Search Images Maps Play YouTube News Gmail Drive More »
Sign in
Screen reader users: click this link for accessible mode. Accessible mode has the same essential features but works better with your reader.

Patents

  1. Advanced Patent Search
Publication numberUS4151152 A
Publication typeGrant
Application numberUS 05/810,453
Publication dateApr 24, 1979
Filing dateJun 27, 1977
Priority dateSep 18, 1973
Publication number05810453, 810453, US 4151152 A, US 4151152A, US-A-4151152, US4151152 A, US4151152A
InventorsKarl Schmitt, Josef Disteldorf, Flexi Schmitt
Original AssigneeVeba-Chemie Aktiengesellschaft
Export CitationBiBTeX, EndNote, RefMan
External Links: USPTO, USPTO Assignment, Espacenet
Polyesterurethanes, shelf life
US 4151152 A
Abstract
A process for preparing fast setting varnishes for coating preferably metallic materials with highly deformable coatings by thermal treatment at temperatures exceeding 175° C., preferably at 180°-450° C., consisting of a binding agent mixture dissolved in high-boiling varnish solvents and consisting of
50-90 percent by weight of a high-molecular, hydroxyl-group containing polyester on the basis of mainly aromatic dicarboxylic acids and diols and/or triols having 4-12 carbon atoms; and
10-50 percent by weight of adducts on the basis of 3-isocyanato-methyl-3,5,5-trimethylcyclohexylisocyanate blocked with ε-caprolactam; plus, if desired, varnish additives, dyes and/or pigments.
Images(7)
Previous page
Next page
Claims(2)
What is claimed is:
1. A liquid varnish consisting essentially of
(I) a high boiling varnish solvent; and
(II) a binder consisting essentially of a mixture of
A. 50-90% by weight of a hydroxyl group containing polyester having a hydroxyl number between 50 and 150 mgs/KOHg, said hydroxyl group containing polyester prepared by reacting an aromatic dicarboxylic acid, ester or anhydride with a diol and/or triol having 4-12 carbon atoms, the molar ratio of aromatic hydroxyl containing polyester to any polyester having aliphatic or cycloaliphatic dicarboxylic acid residues being greater than 4:1, and
B. 10-50% by weight of an adduct of 2-isocyanatomethyl-3,5,5-trimethylcyclohexylisocyanate blocked with epsilon-caprolactam,
wherein
(a) the hydroxy containing polyester is prepared by condensation of a reaction mixture consisting essentially of terephthalic acid dimethyl ester, a mixture of 2,2,4- and 2,4,4-trimethylolhexanediol-1,6 and 1,1,1-trimethylolpropane, the resultant polyester having a molecular weight of 1600 to 1700;
(b) the solvent comprises ethylglycol acetate and a mixture of aromatic hydrocarbons boiling in a range of 180°-212° C. and having a flame point of at least 65° C.; and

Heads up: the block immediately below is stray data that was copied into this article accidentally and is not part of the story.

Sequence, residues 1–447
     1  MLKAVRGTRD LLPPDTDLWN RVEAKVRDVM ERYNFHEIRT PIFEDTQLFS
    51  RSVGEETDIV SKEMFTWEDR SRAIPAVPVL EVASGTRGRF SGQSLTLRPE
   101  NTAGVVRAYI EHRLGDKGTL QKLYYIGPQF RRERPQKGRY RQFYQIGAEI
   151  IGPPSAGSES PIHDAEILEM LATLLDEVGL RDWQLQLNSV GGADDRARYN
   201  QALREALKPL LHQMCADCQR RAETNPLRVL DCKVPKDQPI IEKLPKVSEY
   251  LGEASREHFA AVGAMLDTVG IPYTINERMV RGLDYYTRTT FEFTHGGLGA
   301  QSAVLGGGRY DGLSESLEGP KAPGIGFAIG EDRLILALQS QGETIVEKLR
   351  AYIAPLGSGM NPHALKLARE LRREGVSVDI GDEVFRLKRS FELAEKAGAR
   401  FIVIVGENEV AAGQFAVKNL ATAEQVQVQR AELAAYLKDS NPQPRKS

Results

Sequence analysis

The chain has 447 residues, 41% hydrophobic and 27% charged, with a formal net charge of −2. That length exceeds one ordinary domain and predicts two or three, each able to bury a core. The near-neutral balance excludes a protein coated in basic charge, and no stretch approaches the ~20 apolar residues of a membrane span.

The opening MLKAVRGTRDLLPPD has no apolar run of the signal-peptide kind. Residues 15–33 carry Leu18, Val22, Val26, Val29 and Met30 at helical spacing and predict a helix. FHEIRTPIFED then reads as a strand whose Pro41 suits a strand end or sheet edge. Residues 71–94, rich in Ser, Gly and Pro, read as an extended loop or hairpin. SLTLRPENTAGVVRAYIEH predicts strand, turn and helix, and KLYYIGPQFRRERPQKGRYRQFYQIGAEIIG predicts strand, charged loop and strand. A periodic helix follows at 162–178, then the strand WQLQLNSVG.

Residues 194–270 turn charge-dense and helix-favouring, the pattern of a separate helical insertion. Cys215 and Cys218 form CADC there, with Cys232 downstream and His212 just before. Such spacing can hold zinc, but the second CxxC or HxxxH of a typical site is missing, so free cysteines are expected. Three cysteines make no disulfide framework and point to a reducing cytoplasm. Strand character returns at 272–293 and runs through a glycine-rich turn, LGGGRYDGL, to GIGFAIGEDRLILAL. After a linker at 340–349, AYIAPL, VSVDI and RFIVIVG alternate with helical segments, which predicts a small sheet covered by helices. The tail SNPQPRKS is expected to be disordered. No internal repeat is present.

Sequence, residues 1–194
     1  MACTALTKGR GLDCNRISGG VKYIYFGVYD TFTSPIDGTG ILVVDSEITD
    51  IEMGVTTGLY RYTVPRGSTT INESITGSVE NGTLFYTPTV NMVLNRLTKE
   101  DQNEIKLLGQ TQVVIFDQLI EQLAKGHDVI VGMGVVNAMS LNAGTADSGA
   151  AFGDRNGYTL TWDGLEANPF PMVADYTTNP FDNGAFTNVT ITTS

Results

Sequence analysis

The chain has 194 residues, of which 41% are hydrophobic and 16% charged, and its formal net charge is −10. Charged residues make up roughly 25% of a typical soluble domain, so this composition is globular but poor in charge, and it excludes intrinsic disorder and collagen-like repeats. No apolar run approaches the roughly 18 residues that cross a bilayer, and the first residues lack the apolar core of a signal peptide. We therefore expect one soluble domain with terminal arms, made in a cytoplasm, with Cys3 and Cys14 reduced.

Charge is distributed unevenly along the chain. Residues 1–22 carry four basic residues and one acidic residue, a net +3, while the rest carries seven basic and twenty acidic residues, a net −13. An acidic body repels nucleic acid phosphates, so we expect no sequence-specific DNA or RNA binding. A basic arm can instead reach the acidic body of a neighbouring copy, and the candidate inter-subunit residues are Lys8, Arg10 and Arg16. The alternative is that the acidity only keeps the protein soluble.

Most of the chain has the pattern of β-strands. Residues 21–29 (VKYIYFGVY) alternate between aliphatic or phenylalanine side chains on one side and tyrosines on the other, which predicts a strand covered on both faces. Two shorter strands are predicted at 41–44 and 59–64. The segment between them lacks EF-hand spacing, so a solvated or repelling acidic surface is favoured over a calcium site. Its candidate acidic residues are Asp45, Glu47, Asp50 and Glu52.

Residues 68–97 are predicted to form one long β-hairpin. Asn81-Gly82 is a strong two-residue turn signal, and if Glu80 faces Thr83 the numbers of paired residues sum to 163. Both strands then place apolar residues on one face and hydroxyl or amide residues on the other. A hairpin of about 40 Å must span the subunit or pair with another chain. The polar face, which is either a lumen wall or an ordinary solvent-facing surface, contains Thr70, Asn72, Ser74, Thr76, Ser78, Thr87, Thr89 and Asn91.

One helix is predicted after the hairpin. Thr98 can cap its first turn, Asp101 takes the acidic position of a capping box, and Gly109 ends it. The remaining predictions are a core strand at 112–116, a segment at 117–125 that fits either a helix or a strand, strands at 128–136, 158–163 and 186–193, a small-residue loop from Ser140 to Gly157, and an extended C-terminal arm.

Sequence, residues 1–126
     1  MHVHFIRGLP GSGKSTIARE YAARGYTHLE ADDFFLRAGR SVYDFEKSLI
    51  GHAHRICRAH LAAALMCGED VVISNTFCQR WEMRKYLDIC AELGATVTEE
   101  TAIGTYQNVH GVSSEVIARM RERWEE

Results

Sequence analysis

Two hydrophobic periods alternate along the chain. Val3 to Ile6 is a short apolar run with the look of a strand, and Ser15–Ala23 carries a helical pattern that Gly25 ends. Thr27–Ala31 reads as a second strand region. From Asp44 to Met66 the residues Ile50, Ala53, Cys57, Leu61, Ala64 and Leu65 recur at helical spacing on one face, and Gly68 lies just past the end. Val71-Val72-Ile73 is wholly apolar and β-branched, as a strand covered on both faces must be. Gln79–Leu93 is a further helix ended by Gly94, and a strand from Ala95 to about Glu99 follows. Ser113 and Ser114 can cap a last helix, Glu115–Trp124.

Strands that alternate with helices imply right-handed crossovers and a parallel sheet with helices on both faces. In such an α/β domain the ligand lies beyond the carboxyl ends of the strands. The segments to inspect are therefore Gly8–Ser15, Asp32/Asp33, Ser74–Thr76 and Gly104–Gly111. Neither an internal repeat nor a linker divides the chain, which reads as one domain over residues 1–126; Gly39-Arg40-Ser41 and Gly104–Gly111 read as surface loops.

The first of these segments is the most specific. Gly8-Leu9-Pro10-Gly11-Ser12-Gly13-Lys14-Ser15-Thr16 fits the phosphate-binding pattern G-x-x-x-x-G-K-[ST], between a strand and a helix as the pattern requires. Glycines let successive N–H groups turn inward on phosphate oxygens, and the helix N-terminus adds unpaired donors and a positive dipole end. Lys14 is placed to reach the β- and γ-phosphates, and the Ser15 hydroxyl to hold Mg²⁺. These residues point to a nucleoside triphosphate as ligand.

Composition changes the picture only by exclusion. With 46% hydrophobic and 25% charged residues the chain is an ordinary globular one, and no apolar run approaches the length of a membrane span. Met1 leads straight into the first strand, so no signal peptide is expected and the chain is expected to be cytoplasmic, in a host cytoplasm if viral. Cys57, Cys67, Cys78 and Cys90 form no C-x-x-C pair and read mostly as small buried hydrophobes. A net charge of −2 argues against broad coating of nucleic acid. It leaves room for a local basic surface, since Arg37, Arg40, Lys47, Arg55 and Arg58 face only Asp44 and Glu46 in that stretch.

(c) the liquid varnish remaining clear when stored at room temperature for a period of at least one month.
2. A liquid varnish consisting essentially of
(I) A high boiling varnish solvent; and
(II) A binder consisting essentially of a mixture of
A. 50-90% by weight of a hydroxyl group containing polyester having a hydroxyl number between 50 and 150 mgs/KOHg, said hydroxyl group containing polyesters prepared by reacting an aromatic dicarboxylic acid, ester or anhydride with a diol and/or triol having 4-12 carbon atoms, the molar ratio of aromatic hydroxyl containing polyester to any polyester having aliphatic or cycloaliphatic dicarboxylic acid residues being greater than 4:1; and
B. 10-50% by weight of an adduct of 2-isocyanatomethyl-3,5,5-trimethylcyclohexylisocyanate blocked with epsilon-caprolactam,
wherein:
(a) the aromatic hydroxy polyester is prepared by condensation of a reaction mixture consisting essentially of isophthalic acid, hexanediol-1,6 and 1,1,1-trimethylol propane;
(b) the solvent is a mixture of ethylglycol acetate and a mixture of aromatic hydrocarbons boiling at a range of 180°-212° C. having a flame point of at least 65° C.;
(c) the liquid varnish remaining clear when stored at a temperature between 5° and 8° C. over a period of at least four weeks.
Description

This is a continuation of application Ser. No. 648,591, filed Jan. 12, 1976, which in turn is a continuation of application Ser. No. 506,931, filed Sept. 17, 1974, now abandoned.

BACKGROUND

Polyurethane varnishes are superior in a number of characteristics to a great many other varnishes, including reactive varnishes. In particular they are distinguished by high resistance to chemicals, especially acids, by high elasticity combined with great hardness in some cases, and by good resistance to wear.

The prototype of the polyurethane varnishes is the two-component varnish, consisting of synthetic resins containing hydroxyl groups (e.g., polyesters, polyethers, polyacrylates) and an NCO terminal adduct on the basis of diisocyanates. Such a two-component varnish by its very nature has the disadvantage of a limited pot life ranging, as a rule, from 6 to 20 hours.